What Is a Pastoral Society?
A pastoral society
is a nomadic group of people who travel with a herd of domesticated
animals, which they rely on for food. The word 'pastoral' comes from the
Latin root word pastor, which means 'shepherd.' Someone living in a pastoral society is called a pastoralist.
areas or northern climates where it's difficult to grow crops are where
pastoral societies have been in existence for hundreds of years, and
they were formed as a means of supporting life. Since they couldn't grow
crops to help them survive, they relied on the meat and dairy from
their herds. The types of livestock used in pastoral societies are all
herding herbivores, such as sheep, buffalo, camels, reindeer, goats, or
There are two types of pastoral societies: nomadism and transhumance. The nomads
migrate according to the changing seasons from one area to another to
meet the needs of their animals. The locations vary from season to
season. Or, they might return to a previously visited area, but
generally do not form permanent homes in any one place. The tribes live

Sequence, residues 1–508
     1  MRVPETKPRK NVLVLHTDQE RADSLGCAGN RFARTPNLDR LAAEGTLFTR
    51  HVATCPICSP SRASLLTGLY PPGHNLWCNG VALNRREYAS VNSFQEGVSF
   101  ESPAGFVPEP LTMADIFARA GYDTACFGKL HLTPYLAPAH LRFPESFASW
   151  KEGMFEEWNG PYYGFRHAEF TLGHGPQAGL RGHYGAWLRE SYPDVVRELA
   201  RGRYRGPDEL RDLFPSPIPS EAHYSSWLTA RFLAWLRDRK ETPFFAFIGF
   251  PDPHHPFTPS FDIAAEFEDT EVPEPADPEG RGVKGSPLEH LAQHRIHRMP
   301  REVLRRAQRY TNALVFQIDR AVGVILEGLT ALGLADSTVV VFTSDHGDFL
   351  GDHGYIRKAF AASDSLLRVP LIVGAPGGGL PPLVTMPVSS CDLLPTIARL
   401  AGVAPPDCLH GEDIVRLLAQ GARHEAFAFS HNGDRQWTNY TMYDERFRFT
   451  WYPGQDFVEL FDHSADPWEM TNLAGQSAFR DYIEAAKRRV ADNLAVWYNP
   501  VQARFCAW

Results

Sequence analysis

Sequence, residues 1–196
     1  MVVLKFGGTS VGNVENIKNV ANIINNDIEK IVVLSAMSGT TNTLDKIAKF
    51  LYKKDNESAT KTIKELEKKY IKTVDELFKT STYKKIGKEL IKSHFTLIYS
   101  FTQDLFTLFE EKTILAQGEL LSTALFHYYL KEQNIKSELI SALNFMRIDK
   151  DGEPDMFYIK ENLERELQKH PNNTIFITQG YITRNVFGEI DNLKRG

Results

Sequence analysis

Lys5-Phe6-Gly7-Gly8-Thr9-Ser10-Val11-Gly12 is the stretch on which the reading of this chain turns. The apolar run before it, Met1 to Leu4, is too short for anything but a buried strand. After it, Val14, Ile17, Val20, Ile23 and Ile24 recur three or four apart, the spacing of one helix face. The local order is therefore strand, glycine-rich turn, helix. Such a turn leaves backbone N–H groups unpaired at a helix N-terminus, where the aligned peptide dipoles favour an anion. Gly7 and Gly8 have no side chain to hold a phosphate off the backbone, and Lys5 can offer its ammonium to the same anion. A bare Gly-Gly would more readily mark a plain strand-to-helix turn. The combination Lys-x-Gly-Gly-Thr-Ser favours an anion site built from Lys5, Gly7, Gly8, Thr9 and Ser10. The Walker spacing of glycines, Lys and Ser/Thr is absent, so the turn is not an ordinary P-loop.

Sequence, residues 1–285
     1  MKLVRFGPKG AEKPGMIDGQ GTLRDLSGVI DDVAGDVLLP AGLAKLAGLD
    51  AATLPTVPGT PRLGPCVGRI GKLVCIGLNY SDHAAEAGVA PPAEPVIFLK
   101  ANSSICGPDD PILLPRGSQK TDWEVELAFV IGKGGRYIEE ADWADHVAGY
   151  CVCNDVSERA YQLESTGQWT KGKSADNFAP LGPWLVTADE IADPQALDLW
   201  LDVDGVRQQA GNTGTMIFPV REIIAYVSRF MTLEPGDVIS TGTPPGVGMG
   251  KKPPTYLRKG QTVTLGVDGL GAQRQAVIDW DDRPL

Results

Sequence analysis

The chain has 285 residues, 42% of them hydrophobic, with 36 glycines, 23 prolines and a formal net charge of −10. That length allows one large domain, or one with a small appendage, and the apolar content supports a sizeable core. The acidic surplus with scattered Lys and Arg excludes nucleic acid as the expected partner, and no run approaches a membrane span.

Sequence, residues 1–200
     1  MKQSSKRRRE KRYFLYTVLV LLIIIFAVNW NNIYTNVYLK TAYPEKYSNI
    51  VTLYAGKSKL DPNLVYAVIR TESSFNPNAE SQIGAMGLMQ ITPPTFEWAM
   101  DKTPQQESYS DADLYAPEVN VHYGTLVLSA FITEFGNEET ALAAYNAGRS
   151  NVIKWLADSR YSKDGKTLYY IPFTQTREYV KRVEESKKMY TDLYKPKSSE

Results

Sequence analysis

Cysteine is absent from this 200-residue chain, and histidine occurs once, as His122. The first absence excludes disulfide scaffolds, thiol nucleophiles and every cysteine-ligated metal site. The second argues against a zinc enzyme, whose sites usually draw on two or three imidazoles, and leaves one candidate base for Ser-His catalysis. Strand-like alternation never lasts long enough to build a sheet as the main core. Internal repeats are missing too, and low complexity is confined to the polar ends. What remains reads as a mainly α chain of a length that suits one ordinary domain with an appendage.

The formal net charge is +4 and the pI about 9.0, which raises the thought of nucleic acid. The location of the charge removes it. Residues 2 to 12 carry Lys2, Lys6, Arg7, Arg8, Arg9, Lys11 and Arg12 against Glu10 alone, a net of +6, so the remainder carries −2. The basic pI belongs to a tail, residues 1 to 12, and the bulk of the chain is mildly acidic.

in tents and are usually self-sufficient.
The transhumance pastoralists
also migrate according to seasons, but they return to the same
locations. They move to cooler areas in the summer and warmer areas in
winter. Each location has either an established village or house which
they return to when the seasons change. Pastoral societies are not
strictly nomadic or transhumance, however. They will adapt to conditions
as they're presented.
first Bedouins were pastoralists who roamed regions of the Saudi
Arabian desert. Today, Bedouin tribes still exist, some in permanent
communities and others in pastoral societies, living from the meat and
milk of camels, sheep, and goats. Bedouins also eat dried fruits and
other types of meat on occasion, such as chicken and fish.